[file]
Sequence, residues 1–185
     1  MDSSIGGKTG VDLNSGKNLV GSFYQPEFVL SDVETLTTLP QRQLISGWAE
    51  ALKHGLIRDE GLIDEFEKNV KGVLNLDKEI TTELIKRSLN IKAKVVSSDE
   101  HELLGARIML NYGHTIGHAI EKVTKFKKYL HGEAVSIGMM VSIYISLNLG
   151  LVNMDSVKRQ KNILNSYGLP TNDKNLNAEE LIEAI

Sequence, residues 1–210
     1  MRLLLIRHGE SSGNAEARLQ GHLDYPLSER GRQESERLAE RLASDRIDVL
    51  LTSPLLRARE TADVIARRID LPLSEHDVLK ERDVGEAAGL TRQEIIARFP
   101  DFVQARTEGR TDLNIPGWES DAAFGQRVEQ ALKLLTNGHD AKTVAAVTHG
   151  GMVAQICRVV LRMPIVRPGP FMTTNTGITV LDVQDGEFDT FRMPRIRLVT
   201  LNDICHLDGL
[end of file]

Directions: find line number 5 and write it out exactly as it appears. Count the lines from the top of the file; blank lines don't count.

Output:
   151  LVNMDSVKRQ KNILNSYGLP TNDKNLNAEE LIEAI